In the aftermath of the 2016 election, she became more politically active, and is now on the board of RepresentUs, a bipartisan grassroots organization. After announcing that she would be taking a year off from acting after Red Sparrow, Lawrence has promised to devote some of that time to advocacy.
The 27-year-old has become vocal in the #MeToo conversation, most recently after being named by Harvey Weinstein's lawyers in his defense. (In pure JLaw fashion, she called him "a horrible ass boil.") She also said she's like to set up a Time's Up hotline so that she can use the box-office clout she still has to help women who are victims of discrimination. (Personally, I'd love to see her work with a woman director again, as she did in 2010's Winter's Bone.)
To play Dominika Egorova, Red Sparrow's protagonist, Lawrence chose to do nudity for the first time in her career, a decision she has said enabled her to reclaim ownership over her own body after years of trauma stemming from the 2014 iCloud hack that made her most intimate photos available for any creep on Twitter to peruse. "I felt empowered. I feel like something that was taken from me, I got back, and I'm using in my work," she told 60 Minutes.
And while she won't actually be on set for a while, she is working on developing some of her own projects, including a script she co-wrote with Amy Schumer. She's also set to star in Luca Guadagnino's next project, another interesting choice that speaks to her new trajectory. The film, which centers on Agnes Magnusdottire, the last woman to be put to death in Iceland in 1830, sounds like the independent film version of Alias Grace. Guadagnino isn't a studio director, which feels like a return to Lawrence's Winter's Bone origins.
All signs point to Lawrence continuing to take on more risky, vulnerable roles, an attitude that has been spilling into her recent press appearances as well. Headlines crowed when she recently had three shots of rum and kicked off her heels in an appearance on The Late Show With Stephen Colbert, a throwback to the JLaw we know and love. But she was also surprisingly honest. When Colbert asked her why she was taking a year off, her reply of "Because I'm so miserable," barely came out as a joke. When he described Weinstein dragging her into his "pile of shit," her answer was, "Yeah, everybody does." Just yesterday, Andy Cohen surprised her with special guests LuAnne de Lesseps and Bethenny Frankel, and after a typically JLaw freakout, she said, "I got my smile back!"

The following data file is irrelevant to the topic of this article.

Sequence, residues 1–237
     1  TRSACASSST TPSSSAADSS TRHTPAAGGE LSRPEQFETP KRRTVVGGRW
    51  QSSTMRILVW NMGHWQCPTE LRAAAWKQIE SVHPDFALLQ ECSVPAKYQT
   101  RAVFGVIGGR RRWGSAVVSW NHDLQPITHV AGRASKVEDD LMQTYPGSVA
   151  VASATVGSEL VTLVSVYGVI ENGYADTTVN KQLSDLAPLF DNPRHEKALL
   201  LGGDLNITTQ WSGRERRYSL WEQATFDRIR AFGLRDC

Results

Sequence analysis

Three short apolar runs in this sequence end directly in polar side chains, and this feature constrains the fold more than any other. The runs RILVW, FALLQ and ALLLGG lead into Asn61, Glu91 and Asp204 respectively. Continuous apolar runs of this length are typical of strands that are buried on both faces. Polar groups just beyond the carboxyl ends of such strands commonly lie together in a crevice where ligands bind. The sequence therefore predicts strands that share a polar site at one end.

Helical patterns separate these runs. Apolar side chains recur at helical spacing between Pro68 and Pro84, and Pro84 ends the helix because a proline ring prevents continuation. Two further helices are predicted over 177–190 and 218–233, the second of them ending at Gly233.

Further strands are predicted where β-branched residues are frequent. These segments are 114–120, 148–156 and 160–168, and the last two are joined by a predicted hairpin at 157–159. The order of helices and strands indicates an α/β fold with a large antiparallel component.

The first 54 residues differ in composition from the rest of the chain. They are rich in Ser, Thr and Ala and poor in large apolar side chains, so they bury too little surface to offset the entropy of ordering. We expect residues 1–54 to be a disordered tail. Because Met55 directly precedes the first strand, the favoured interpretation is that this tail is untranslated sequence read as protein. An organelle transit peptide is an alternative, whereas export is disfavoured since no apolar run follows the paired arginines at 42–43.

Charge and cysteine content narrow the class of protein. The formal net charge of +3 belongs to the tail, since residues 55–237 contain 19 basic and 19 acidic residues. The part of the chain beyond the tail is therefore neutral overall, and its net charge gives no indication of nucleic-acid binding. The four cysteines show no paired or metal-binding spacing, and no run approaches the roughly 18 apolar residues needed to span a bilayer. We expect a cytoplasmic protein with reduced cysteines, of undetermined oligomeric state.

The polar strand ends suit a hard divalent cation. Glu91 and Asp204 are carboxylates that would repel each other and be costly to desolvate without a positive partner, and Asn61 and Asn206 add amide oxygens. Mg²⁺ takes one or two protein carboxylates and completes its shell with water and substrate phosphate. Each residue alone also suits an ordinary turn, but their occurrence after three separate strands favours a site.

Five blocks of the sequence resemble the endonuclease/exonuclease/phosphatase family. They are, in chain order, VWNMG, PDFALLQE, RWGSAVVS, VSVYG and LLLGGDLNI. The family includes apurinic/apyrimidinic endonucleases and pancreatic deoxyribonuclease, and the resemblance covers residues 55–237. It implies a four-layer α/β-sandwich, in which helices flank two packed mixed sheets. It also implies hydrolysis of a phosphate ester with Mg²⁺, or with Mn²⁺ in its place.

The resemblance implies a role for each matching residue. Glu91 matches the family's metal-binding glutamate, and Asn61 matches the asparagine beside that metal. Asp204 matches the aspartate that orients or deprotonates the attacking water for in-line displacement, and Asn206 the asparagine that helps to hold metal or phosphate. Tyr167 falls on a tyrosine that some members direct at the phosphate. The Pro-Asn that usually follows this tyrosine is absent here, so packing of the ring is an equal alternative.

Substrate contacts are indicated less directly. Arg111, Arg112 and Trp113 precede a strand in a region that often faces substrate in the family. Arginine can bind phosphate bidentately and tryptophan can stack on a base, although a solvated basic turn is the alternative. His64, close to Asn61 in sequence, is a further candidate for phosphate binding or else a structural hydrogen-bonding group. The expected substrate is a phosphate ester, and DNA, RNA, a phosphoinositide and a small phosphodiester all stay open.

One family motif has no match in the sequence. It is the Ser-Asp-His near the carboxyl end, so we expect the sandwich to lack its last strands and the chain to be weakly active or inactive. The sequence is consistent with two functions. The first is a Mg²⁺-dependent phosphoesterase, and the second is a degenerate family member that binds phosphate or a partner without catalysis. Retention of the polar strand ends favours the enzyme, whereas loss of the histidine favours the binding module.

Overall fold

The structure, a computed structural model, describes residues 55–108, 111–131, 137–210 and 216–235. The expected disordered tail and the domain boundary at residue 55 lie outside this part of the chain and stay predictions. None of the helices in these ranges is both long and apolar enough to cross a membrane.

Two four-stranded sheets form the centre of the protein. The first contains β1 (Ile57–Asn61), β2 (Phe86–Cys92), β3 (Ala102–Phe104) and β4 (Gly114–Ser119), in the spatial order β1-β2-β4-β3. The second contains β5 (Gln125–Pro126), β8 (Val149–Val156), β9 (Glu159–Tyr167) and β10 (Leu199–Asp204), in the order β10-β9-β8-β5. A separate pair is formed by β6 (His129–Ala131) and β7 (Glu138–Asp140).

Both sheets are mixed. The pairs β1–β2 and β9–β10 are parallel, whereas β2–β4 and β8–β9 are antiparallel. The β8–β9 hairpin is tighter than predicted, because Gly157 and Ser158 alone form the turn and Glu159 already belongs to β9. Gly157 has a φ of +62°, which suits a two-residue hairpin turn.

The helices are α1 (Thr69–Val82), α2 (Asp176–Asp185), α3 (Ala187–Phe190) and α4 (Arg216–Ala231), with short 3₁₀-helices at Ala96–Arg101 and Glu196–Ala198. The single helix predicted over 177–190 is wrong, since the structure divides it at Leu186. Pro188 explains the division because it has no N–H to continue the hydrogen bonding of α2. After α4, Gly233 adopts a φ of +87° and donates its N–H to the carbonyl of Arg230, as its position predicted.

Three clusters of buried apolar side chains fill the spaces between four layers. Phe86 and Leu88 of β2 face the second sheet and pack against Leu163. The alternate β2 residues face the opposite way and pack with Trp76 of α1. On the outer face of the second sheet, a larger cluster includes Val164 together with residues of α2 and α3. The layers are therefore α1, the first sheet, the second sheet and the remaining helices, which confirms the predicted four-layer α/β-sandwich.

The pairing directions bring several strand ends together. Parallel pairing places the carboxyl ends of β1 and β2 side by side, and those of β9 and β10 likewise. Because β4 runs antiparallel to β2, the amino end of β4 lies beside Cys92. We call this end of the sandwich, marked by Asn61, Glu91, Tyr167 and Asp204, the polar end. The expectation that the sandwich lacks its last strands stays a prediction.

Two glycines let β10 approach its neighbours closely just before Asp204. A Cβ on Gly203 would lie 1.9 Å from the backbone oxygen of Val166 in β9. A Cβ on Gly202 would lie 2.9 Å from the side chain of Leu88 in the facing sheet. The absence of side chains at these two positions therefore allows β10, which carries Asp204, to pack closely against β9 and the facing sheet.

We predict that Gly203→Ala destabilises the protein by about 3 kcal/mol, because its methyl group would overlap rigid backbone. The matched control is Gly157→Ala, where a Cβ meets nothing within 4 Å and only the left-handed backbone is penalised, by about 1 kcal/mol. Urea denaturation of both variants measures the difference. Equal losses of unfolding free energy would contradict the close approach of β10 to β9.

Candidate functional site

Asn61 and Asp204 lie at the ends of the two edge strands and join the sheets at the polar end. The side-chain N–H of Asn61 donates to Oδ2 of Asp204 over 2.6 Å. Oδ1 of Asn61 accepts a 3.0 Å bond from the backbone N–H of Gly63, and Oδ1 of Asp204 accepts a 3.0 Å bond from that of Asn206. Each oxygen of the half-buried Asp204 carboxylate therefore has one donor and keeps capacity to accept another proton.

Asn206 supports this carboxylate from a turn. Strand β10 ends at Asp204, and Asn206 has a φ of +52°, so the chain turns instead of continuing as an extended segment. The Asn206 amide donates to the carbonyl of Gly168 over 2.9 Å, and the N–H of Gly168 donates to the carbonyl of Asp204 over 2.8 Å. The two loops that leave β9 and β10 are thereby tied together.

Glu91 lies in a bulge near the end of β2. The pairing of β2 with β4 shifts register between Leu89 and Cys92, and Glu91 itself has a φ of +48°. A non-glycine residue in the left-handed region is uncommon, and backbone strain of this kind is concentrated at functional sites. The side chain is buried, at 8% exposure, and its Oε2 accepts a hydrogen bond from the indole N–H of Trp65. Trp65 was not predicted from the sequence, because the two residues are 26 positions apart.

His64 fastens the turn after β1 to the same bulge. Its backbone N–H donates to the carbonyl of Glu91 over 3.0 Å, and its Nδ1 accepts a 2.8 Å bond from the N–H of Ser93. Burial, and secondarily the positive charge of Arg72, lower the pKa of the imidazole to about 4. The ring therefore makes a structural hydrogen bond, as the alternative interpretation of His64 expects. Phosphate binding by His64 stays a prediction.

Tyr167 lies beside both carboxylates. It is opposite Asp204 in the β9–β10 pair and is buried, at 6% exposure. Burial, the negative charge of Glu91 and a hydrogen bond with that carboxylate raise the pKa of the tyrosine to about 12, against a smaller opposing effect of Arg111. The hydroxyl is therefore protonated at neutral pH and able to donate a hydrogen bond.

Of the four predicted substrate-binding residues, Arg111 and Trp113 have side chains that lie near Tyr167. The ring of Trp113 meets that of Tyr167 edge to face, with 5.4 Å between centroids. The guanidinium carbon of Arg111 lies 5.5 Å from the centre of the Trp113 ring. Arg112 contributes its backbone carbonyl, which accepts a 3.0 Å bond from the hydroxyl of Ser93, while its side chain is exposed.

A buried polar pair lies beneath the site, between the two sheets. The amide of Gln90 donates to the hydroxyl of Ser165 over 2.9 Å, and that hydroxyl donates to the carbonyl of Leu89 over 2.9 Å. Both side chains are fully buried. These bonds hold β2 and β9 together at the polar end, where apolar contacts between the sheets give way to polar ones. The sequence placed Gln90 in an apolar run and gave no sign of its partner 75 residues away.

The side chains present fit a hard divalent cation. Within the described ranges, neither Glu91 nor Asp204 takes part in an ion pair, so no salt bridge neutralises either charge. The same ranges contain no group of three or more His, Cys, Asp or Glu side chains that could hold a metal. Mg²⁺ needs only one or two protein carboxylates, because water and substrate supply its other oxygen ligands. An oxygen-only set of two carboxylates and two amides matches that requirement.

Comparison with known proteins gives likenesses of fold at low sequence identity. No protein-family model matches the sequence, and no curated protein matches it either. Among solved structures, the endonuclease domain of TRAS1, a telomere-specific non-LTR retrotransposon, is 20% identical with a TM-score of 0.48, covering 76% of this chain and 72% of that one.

Lots of celebrities hate being famous. Lawrence has said as much, while also continuing to give us the constant entertainment we demand from the people who, after all, have chosen to do that for a living. This recent press tour has felt like a chance for Lawrence to tone down the cool girl veneer somewhat, and admit that she feels pressure to act a certain way.
Add that to her recent revelation that she dropped out of school at 14 to pursue a calling that she loves and works hard to perfect, and you start to get a different picture of Jennifer Lawrence. Maybe she's been there all along, and we haven't noticed. Or perhaps this is just who Lawrence wants to be right now. In any case, the cool girl is ready for a break.